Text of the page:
The federal government has agreed with a Senate committee recommendation to use Tasmania’s feral bumblebee populations for a two-year trial for pollination purposes in protected cropping production systems.
The inquiry sought to find out the risks and opportunities from using the state’s bumblebee population for commercial horticultural purposes.
It noted there was interest within the state’s industry to use bumblebees to pollinate certain crops, like greenhouse tomatoes.
Tasmania is the only Australian state where bumble bees have become established. The bees were accidentally, or illegally, introduced in 1992 and, within 14 years, had spread throughout the state.
Bumblebees are less affected by adverse and cooler weather conditions, like those experienced in Tasmania, than honey bees and thus are more effective for pollination.
Experts from the University of Tasmania said international research on the use of bumblebees, rather than honey bees, for pollination had increased the yield for glasshouse crops that grew tomatoes, capsicum, eggplant, cucumber, raspberries and strawberries.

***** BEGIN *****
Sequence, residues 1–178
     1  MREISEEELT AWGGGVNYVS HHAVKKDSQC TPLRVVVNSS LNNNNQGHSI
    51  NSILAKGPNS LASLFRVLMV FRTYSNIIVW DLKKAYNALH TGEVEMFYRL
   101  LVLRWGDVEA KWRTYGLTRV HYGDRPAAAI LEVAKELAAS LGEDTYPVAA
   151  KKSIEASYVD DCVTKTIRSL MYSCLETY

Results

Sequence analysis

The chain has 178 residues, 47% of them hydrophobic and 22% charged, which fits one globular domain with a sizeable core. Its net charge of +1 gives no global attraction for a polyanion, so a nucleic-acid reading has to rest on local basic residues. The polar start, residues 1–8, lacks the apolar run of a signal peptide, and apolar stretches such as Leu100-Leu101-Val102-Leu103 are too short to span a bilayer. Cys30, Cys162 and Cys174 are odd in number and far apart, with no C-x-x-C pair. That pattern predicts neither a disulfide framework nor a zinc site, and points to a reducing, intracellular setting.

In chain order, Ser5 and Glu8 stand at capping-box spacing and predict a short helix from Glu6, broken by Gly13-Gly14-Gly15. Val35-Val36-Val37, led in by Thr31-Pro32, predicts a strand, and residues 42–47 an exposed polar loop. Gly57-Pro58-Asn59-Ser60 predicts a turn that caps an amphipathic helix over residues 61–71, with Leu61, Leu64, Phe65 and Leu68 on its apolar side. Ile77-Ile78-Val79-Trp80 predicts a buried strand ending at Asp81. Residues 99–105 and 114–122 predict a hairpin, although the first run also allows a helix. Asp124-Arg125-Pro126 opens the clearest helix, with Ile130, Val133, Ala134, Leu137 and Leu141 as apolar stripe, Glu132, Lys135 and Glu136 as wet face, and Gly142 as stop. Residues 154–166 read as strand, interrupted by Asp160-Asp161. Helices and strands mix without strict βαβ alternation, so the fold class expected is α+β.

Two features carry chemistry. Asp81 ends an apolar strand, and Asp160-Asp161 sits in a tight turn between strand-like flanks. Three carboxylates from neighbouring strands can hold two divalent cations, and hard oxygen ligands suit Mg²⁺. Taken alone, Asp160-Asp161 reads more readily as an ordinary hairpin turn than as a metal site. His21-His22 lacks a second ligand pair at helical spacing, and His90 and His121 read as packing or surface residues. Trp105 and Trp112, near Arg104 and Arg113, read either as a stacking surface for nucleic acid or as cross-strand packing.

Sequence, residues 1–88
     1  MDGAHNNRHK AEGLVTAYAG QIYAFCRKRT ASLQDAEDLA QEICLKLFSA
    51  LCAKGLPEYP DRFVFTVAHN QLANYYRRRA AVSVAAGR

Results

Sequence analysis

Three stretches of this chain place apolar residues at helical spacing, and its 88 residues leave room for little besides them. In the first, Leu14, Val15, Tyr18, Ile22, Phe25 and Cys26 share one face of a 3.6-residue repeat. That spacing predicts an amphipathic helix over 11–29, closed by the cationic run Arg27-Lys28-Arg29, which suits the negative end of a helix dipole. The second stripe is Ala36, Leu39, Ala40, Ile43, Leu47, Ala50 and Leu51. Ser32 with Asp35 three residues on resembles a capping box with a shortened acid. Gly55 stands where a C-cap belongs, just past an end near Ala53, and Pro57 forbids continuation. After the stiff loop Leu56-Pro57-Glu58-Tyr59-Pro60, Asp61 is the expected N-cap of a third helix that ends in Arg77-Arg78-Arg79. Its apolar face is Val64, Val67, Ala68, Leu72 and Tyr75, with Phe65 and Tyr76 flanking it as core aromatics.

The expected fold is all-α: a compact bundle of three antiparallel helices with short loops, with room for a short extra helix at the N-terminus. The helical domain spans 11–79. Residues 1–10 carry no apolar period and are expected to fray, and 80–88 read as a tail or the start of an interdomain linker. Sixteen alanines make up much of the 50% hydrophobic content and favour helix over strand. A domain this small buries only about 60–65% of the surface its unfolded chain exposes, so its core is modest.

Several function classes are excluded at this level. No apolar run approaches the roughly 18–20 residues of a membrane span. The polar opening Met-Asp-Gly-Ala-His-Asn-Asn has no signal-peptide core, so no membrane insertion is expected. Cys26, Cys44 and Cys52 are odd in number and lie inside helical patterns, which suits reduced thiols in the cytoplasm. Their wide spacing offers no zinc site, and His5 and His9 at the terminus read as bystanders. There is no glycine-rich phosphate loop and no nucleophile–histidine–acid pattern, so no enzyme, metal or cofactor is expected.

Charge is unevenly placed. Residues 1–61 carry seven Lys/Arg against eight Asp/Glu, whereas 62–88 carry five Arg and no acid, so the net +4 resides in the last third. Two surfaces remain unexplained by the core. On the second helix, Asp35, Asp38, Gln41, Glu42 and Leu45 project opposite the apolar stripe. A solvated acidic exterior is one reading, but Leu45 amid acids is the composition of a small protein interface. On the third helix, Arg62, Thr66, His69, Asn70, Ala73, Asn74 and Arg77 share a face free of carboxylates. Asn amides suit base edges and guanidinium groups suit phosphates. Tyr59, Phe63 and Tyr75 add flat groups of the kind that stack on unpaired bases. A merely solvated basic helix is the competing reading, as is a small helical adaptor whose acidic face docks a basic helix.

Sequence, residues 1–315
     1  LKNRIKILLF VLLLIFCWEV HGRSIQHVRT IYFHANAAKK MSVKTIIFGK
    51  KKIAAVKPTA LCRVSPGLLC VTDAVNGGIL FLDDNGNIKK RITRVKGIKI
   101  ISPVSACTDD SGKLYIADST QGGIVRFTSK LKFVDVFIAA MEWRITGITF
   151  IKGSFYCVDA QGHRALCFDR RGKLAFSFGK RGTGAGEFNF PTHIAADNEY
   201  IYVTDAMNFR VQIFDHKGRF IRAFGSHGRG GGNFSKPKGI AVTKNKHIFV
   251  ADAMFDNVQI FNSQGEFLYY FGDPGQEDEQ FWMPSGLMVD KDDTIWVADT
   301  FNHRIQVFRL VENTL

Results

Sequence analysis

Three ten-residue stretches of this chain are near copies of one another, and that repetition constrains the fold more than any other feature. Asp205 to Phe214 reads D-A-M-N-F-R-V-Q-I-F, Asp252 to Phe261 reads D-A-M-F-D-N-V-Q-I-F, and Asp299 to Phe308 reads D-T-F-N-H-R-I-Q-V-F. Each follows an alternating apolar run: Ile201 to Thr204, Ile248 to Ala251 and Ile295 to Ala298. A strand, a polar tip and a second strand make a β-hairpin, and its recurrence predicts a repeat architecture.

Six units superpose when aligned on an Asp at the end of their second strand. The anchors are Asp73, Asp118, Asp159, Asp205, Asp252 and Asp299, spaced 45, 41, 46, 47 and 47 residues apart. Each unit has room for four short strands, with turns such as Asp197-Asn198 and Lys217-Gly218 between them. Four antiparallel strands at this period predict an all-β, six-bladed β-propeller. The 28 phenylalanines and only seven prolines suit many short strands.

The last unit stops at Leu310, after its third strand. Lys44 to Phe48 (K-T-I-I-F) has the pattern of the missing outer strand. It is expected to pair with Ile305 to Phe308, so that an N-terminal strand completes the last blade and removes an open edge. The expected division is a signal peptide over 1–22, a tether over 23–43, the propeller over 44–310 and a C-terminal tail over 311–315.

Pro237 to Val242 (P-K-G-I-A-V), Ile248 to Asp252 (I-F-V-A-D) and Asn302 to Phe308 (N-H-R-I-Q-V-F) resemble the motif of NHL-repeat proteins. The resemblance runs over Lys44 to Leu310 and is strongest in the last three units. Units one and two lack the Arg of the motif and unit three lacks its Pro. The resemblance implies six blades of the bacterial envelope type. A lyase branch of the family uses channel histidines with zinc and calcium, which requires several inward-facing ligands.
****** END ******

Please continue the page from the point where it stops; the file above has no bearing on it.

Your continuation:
Former Tasmanian Primary Industries Minister Jeremy Rockliff told the inquiry the government believed they could offer an advantage for pollination purposes as there was no feasible opportunity for eradication.
“They are used in many other countries for pollination and the Tasmanian government supports a cautiously and carefully run trial with a Tasmanian commercial tomato farmer,” he said.
North-west Tasmanian tomato grower, Marcus Brandsema, said he manually pollinates his tomato plants three times a week using a repurposed leaf blower.
“By using bumblebees for pollination, we don’t have to manually pollinate our plants, and that not only gives us a yield increase but also a labour saving,” he said.
“Also, bumblebees set the fruit more effectively, so each individual fruit has more seed in it so that means that it has slightly increased weight. Combined with a better setting, that means growers could achieve a yield increase between 10 and 20 per cent at a lower cost.”
Mr Brandsema said the bumblebees would be contained within his glasshouses.
The trial will require amendments to the Environment Protection and Biodiversity Conservation Act which the government has agreed to. The first stage of the trial will test if bumble bees caught in the wild can pollinate tomatoes effectively. If this is successful, a second stage will look at a breeding program. The final stage will review the outcomes and identify any potential adverse environmental impacts.